# Why is p ∧ q ⇒ r true when p is true and q is false? [duplicate]

I'm taking Intro to Logic on Coursera. One of the exercises has this:

Consider a truth assignment in which p is true, q is false, r is true. Use this truth assignment to evaluate the following sentences.

The answer key says $p ∧ q ⇒ r$ is true, but I don't understand why. If I read it correctly, it says "If TRUE and FALSE then TRUE."

I thought TRUE and FALSE should imply FALSE because the two propositions are different. Can anyone explain?

## marked as duplicate by Henning Makholm logic StackExchange.ready(function() { if (StackExchange.options.isMobile) return; $('.dupe-hammer-message-hover:not(.hover-bound)').each(function() { var$hover = $(this).addClass('hover-bound'),$msg = $hover.siblings('.dupe-hammer-message');$hover.hover( function() { $hover.showInfoMessage('', { messageElement:$msg.clone().show(), transient: false, position: { my: 'bottom left', at: 'top center', offsetTop: -7 }, dismissable: false, relativeToBody: true }); }, function() { StackExchange.helpers.removeMessages(); } ); }); }); Sep 4 '17 at 4:38

• Hmm, perhaps your problem is that you misunderstand the $\Rightarrow$ sign. It does not mean "we did some calculation on $p\land q$ and the result was $r$" -- but instead $\Rightarrow$ is a calculation with two inputs, namely $p\land q$ and $r$, and the output is "true" when the inputs are "false" for the $p\land q$ input and "true" for the $r$ input. – Henning Makholm Sep 4 '17 at 4:41
• Both of ${\sf false}\Rightarrow{\sf false}$ and ${\sf false}\Rightarrow{\sf true}$ evaluate to ${\sf true}$. – Henning Makholm Sep 4 '17 at 4:43
• In the future, please use MathJax to format your posts. – let's have a breakdown Sep 4 '17 at 6:52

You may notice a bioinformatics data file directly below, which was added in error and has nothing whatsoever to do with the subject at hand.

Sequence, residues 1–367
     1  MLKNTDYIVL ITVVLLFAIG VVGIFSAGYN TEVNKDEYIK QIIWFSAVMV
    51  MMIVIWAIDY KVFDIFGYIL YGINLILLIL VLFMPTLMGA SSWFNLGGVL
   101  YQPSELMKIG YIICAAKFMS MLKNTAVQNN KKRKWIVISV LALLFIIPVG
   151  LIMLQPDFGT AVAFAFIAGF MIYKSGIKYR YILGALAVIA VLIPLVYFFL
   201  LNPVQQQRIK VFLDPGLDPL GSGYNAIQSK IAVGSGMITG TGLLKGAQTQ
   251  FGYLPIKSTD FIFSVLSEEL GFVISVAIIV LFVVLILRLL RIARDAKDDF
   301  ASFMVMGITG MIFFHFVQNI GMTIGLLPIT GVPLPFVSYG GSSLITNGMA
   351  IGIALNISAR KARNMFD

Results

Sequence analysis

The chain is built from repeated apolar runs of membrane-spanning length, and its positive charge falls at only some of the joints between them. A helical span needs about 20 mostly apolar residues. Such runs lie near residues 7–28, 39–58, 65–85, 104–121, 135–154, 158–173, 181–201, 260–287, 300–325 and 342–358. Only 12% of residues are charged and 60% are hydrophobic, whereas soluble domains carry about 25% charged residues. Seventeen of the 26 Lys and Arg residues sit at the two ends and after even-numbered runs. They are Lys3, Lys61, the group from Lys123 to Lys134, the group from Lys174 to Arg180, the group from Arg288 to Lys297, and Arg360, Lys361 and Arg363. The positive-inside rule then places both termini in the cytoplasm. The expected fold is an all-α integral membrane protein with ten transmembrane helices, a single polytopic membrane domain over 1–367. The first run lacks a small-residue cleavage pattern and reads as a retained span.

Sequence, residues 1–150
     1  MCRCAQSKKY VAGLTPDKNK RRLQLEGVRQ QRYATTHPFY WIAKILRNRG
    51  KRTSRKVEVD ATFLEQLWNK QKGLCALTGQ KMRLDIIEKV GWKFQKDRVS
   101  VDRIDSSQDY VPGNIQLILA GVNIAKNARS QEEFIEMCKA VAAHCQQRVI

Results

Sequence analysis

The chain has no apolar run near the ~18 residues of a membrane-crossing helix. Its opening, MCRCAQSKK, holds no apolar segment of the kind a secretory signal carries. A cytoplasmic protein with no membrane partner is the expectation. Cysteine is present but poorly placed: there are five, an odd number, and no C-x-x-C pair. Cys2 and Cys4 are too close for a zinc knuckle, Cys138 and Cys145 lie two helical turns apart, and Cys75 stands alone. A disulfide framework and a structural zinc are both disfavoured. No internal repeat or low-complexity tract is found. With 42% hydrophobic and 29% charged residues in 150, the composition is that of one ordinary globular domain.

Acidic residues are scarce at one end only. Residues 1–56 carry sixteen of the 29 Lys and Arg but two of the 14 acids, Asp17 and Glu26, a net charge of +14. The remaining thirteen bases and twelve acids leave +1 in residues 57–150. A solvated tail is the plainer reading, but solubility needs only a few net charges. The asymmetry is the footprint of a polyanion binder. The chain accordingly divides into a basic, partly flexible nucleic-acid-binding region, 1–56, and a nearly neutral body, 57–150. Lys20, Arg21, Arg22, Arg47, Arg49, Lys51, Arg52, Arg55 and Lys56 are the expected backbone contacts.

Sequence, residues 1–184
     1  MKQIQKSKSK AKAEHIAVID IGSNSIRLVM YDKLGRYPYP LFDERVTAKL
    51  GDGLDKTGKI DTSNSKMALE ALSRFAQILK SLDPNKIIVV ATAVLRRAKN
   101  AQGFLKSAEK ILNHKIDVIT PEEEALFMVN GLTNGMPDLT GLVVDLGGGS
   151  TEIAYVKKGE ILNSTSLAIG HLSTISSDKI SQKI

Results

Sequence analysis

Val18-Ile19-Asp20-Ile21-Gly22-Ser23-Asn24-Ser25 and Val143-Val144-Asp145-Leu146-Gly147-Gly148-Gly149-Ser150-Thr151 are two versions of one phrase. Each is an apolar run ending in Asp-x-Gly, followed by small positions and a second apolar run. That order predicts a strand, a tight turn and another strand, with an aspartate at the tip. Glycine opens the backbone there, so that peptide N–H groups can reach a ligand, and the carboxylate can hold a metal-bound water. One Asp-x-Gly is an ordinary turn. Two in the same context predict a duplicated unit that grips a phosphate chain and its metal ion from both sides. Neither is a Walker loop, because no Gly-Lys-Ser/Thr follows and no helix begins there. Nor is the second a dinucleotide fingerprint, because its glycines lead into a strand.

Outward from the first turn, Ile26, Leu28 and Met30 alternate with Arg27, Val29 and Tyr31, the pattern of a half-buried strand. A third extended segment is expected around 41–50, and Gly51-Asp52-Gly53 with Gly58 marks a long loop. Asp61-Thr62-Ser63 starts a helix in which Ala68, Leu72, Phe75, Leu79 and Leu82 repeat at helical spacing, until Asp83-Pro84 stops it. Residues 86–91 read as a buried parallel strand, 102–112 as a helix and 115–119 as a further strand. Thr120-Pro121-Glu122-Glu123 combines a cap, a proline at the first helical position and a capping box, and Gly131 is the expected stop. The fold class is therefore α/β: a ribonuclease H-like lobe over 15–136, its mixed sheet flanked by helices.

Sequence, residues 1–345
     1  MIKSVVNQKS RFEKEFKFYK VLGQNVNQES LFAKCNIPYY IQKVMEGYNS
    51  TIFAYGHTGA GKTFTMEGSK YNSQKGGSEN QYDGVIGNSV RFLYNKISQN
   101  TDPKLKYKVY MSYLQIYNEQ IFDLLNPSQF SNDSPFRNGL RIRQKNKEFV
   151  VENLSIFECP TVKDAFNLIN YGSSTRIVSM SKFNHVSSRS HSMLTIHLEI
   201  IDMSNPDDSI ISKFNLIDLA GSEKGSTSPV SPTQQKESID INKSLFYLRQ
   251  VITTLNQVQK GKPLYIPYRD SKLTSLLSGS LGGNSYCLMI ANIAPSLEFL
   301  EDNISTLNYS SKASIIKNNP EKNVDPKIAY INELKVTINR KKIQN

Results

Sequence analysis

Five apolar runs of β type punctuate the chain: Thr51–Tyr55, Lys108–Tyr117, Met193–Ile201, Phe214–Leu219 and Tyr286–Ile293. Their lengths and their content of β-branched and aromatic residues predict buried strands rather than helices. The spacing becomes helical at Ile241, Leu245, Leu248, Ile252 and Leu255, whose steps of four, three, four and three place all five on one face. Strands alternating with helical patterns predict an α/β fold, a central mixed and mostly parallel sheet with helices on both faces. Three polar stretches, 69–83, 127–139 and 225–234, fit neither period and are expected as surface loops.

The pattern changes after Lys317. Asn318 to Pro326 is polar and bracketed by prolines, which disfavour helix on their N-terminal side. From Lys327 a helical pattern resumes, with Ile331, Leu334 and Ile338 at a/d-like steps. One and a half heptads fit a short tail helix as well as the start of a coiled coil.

• Becaude when $p$ is TRUE and $q$ is FALSE we have (truth table for AND) that $(p \land q)$ is FALSE. And then we have that $(p \land q) \to r$ is TRUE, due to the truth table for $\to$: FALSE $\to$ whatever is always TRUE. – Mauro ALLEGRANZA Sep 4 '17 at 7:48
• Note that $p\land q\to r$ is not a well-formed formula. – Shaun Feb 16 '18 at 22:47

Supposing I tell you, "If it is raining and I have an umbrella then my umbrella will be open". When can you say that I have lied? Only when 1) It is raining and 2) I have an umbrella but my umbrella is not open.

You are reading the statement correctly, but the difficulty here is deciding whether the implication is true. FALSE implies TRUE is a true statement.

Consider this example: "If unicorns exist, then the sky is blue." Here we have something false implying something true, however the statement as a whole is still true because the "trueness" of the sky being blue holds even though unicorns don't exist.

Think instead about what it would mean for $(p ∧ q) \to r$ to be false. In order for the statement to be false, $r$ would have to be false but $p ∧ q$ would be true - so that we'd have something true implying something false, which would be a false statement.

If we have predicates $p$ and $q$ then $p\implies q$ is true when either $p$ is false or $q$ is true (or both). That is, $$(p\implies q)\iff (\lnot p\lor q)$$ The implication will not hold only when $p$ is true and $q$ is false. That is, $p\implies q$ is false when $p\land \lnot q$ is true.

So in your example, $p$ is true and $q$ is false, so $p\land q$ is false. Thus, $p\land q\implies r$ is indeed true (since the "if" part of the implication is false). We see this as $$(p\land q\implies r)\iff (\lnot(p\land q)\lor r)$$

There's a rule called ex falso sequitur quodlibet, "from a falsehood follows anything you want", or "false implies anything". In other words, both "false implies true" and "false implies false" are true.

This is important for mathematical proofs. Suppose for a moment that the opposite were true: that "false implies true" and "false implies false" were false.

In this hypothetical scenario, consider the statement "for any integer x, if x is less than 5, then x is less than 10". Or in other words:

$$\forall x \in \mathbb{Z} : (x<5) \implies (x<10)$$

This statement seems intuitively to be true. But for it to be true, it would need to be true for all integers. Which means it has to be true for, say, the number 7.

$(7<5)$ is false, but $(7<10)$ is true. So $(7<5) \implies (7<10)$ is equivalent to "false implies true". And in this hypothetical, that expression evaluates to false!

It also has to be true for the number 12. Here, $(12<5)$ is false, and $(12<10)$ is false. So $(12<5) \implies (12<10)$ is "false implies false". And in this hypothetical, that expression is also false.

So for statements like "if x is less than 5 then x is less than 10" to be true, both "false implies true" and "false implies false" have to be true.